CMO turnover has stabilized but minority hiring still lags

Written by
E.J. Schultz

Aug 20, 2019

Aug 20, 2019 • Author: E.J. Schultz

Turnover in the chief marketing officer role has stabilized and more women are being hired, but the industry remains plagued by a lack of minority representation in the job, according to a new report.

Average CMO tenure among 100 of the most-advertised U.S. brands dipped slightly to 43 months in 2018, compared with 44 months the year prior, according to the latest “CMO Tenure Study” from executive recruitment firm Spencer Stuart. The average tenure has ranged from 42 to 48 months since 2010, which is an improvement over the turnover experienced from 2004 to 2009, which dipped as low as 24 months of average tenure in 2004, according to the report.

However, CMO turnover remains a concern across the broader marketing industry. To illustrate the point, the firm published a graphic depicting all brands and companies experiencing CMO changes that includes some that are outside of the top 100 advertisers. (See it above.) The turnover is evident at retail giant Walmart, which is searching for its fourth CMO in four years, after the company announced Monday that Barbara Messing is stepping down as of Aug. 30.


The report points to several factors driving the industry CMO turnover, including a “failure to properly assess the incoming CMO’s skills and experiences, ensuring that they are properly aligned with the future needs of the organization.” Other issues include poor alignment between the CEO and CMO and “inflated expectations for ‘unicorn’ CMOs who can immediately blend ‘magic’ (creative) and ‘logic’ (performance data) to drive growth, and bring others along on the transformation of the overall marketing efforts,” the report states.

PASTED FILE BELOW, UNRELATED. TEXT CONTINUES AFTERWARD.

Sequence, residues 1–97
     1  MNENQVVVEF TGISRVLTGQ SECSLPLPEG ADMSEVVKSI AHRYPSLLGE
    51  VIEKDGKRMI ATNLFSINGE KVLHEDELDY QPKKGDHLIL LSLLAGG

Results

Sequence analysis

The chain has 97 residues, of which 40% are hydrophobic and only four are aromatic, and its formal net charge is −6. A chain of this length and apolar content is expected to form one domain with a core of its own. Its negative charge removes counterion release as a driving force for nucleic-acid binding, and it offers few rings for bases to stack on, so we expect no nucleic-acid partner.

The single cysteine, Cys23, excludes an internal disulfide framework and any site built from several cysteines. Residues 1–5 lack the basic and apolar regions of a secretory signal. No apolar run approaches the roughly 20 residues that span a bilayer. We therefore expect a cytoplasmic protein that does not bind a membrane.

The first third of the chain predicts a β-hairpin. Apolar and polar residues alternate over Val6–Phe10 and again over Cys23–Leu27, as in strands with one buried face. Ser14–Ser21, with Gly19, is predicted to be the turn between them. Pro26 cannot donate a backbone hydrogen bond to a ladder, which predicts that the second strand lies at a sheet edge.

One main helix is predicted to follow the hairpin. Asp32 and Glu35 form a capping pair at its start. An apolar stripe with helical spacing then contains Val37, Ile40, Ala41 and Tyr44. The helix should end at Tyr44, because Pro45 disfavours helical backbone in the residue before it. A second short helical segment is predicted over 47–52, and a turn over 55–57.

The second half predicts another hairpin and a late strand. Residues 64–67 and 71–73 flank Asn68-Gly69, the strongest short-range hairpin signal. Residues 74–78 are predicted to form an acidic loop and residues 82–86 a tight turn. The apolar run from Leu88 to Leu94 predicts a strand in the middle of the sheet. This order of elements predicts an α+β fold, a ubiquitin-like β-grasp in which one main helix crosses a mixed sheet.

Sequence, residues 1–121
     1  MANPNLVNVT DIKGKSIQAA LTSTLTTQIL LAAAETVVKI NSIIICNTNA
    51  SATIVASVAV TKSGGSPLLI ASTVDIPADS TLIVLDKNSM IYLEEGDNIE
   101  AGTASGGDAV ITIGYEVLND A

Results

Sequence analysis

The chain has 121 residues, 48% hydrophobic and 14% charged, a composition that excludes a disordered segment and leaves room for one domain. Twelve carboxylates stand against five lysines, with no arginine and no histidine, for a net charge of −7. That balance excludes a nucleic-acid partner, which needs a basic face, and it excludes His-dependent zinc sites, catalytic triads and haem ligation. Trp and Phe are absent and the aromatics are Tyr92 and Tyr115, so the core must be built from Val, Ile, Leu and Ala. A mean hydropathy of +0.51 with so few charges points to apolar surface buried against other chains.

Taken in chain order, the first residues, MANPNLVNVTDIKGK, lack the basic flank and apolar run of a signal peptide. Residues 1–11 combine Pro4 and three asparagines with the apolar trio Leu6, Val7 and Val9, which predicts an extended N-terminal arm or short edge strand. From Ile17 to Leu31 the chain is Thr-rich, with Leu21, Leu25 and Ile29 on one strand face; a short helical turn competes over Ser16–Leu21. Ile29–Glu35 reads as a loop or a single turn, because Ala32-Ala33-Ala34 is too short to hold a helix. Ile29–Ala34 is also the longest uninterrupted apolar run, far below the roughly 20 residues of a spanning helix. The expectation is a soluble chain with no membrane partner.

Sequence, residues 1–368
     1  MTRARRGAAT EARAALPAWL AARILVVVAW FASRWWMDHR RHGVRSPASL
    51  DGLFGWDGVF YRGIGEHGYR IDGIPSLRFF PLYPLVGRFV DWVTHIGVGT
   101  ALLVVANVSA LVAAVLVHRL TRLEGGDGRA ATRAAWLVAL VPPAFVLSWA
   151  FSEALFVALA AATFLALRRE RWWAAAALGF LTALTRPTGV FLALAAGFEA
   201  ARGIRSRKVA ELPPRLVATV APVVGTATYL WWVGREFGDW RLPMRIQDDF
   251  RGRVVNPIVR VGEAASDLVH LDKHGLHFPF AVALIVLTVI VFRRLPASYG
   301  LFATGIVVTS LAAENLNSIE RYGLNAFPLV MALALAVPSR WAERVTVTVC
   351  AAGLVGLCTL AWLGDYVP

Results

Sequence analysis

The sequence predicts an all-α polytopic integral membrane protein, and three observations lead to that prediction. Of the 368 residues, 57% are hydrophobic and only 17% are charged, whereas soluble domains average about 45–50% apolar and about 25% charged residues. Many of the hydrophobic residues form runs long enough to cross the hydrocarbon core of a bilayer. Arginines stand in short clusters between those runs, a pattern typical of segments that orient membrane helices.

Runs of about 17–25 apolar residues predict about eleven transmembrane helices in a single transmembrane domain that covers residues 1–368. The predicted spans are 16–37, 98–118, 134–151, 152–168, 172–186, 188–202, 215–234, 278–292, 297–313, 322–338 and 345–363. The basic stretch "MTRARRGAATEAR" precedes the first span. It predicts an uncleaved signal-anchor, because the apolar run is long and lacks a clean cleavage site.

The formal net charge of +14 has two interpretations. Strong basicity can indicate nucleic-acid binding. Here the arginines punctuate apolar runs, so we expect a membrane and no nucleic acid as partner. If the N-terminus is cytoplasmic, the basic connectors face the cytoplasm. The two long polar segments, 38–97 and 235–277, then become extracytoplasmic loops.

The report paints an improving picture on female representation. Of the 100 brands and companies studied, 36 percent had a female CMO in 2018, up from 28 percent in 2017. And 44 percent of the 18 CMOs hired in 2018 were women.

But only nine of the CMOs at the top 100 brands and companies were minorities, down from 11 CMOs in 2017. Also, none of the 18 CMOs hired last year were minorities. In 2017, six of the 21 CMOs hired were minorities.

“There are encouraging signs in this year’s tenure study, particularly the increase in the number of women in this year’s freshman class, but considerably more needs to be done to bring more minority representation into the CMO ranks,” says Greg Welch, a consultant in Spencer Stuart’s Marketing Officer Practice.

Read the full report here.


The article CMO turnover has stabilized but minority hiring still lags first appeared on Ad Age.